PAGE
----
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Updated posted by Gordon Soderberg 1 month ago
“What I learned from my military...
“What I learned from my military experience is that…there’s no way this is sustainable and there’s gonna be one day when we go back and die for this stuff.”
I meet a lot of really terrific people in my travels but Gordon Soderberg is one of he most selfless, compassionate men I’ve met in a very long time. He has devoted his entire life to serving others; first through his military service and then, since then, in working in disaster response and in recruiting and training veterans in this field.
From working with Cindy Sheehan’s anti-war protest to being on the front lines after hurricanes like Katrina and Sandy hit, the common element for Soderberg was a large, retro-fitted bus, painted Army green. When the hurricanes hit, Soderberg was there in the green bus, now called The Veterans Green Bus, coordinating first responders and helping those in need before longer-term help arrived.
To get a sense for the type of thing that Soderberg has done, take a couple of minutes to watch this video from a relief effort fundraiser in the aftermath of Hurricane Sandy. It’s remarkable:
Gordon Soderberg and the Veterans Green Bus are now stationed in Detroit. Soderberg’s goal is to further retrofit the bus — which runs on both biodiesel and cooking oil/grease — and to set up a permanent operation. With a fixed location, Soderberg and his team will be able to bring veterans in for training on sustainable energy implementation of all kinds from retrofitting vehicles to run on alternative fuels and making biodiesel fuel to rebuilding homes sustainably and how to coordinate a disaster response. In the process, they’ll be helping local vets learn new skills and find jobs while helping Detroit get back on its feet. Soderberg describes it as a “veterans green incubator”.
This Saturday from 10 a.m. until 5 p.m., Soderberg will be holding a fundraiser in the form of a Pallet Project Fundraiser. For $75, participants will receive training on building furniture like tables and chairs from pallets.
Participants will make one thing to take home, help build a group project, learn to make many useful things out of pallets, where to find them, where to buy them, how to deconstruct them. Fresh local lunch provided. Receive a 10% discount on the purchase of any finished projects.
You can sign up for the event HERE. The Facebook event page is HERE, where you can see pictures and RSVP.
I recently spoke to Gordon Soderberg about The Veterans Green Bus, its history, and why people in Michigan and, especially, in Detroit should be supporting their efforts.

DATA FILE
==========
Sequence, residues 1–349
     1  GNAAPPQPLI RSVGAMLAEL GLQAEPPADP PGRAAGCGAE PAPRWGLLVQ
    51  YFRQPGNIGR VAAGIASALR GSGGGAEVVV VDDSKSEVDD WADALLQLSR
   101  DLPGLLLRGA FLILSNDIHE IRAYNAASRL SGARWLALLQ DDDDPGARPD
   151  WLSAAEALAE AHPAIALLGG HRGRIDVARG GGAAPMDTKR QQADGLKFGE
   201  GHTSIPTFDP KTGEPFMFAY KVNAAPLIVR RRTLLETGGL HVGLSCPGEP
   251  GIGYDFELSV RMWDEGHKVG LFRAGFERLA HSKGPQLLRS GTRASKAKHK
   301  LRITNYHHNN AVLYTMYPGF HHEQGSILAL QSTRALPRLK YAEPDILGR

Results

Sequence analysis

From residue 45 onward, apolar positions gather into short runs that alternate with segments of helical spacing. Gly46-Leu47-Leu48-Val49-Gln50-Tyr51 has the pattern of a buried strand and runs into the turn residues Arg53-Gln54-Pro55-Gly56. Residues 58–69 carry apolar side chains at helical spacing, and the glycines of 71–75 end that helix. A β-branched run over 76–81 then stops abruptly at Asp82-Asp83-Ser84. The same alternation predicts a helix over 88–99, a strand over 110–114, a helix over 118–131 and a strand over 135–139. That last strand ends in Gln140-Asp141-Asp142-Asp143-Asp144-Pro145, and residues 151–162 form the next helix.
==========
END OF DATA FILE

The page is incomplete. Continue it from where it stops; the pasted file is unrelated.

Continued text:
Our interview is below. Enjoy.
So, Gordon, give me a bit of background on the Veterans Green Bus, what you’re doing with it, and how you ended up in Detroit.
We started after Katrina, we were down in New Orleans doing disaster response with a bunch of veterans and activists who were actually the instigators of Camp Casey in Crawford, Texas with Cindy Sheehan’s group, CODEPINK and their anti-war protest. We were members of Veterans for Peace, originally, and we had our Impeachment Tour bus in Dallas. We spent 26 days in the ditch in front of Bush’s ranch.
Gordon Soderberg at Camp Casey in Crawford, Texas
We had satellite internet on the bus. Katrina was rolling up into the Gulf and we saw where it was going and a lot of folks that were from New Orleans were booking flights into New Orleans from our bus using our internet and asking us what we were going to do with the bus. Originally we were planning to continue taking Cindy to DC to continue her anti-war protest. But I was a corpsman in the Navy and there were a lot of other medics that were there and so we decided to head over to Katrina instead. That’s what started my push for veterans to get into disaster response, that initial event.
Once we got there, we were using our internet to get out what we were finding in terms of the disaster response effort. That built to $500,000 worth of donations on our Paypal account. We started funding different groups that were doing different types of disaster response. We set up camps. We went to campgrounds. We put money into Common Ground, another disaster relief group across the river from New Orleans. We started a medical clinic. We told anyone that found us on the internet that, if you can get to us, that we’d pay for their fuel and their food so that they could get their supplies out.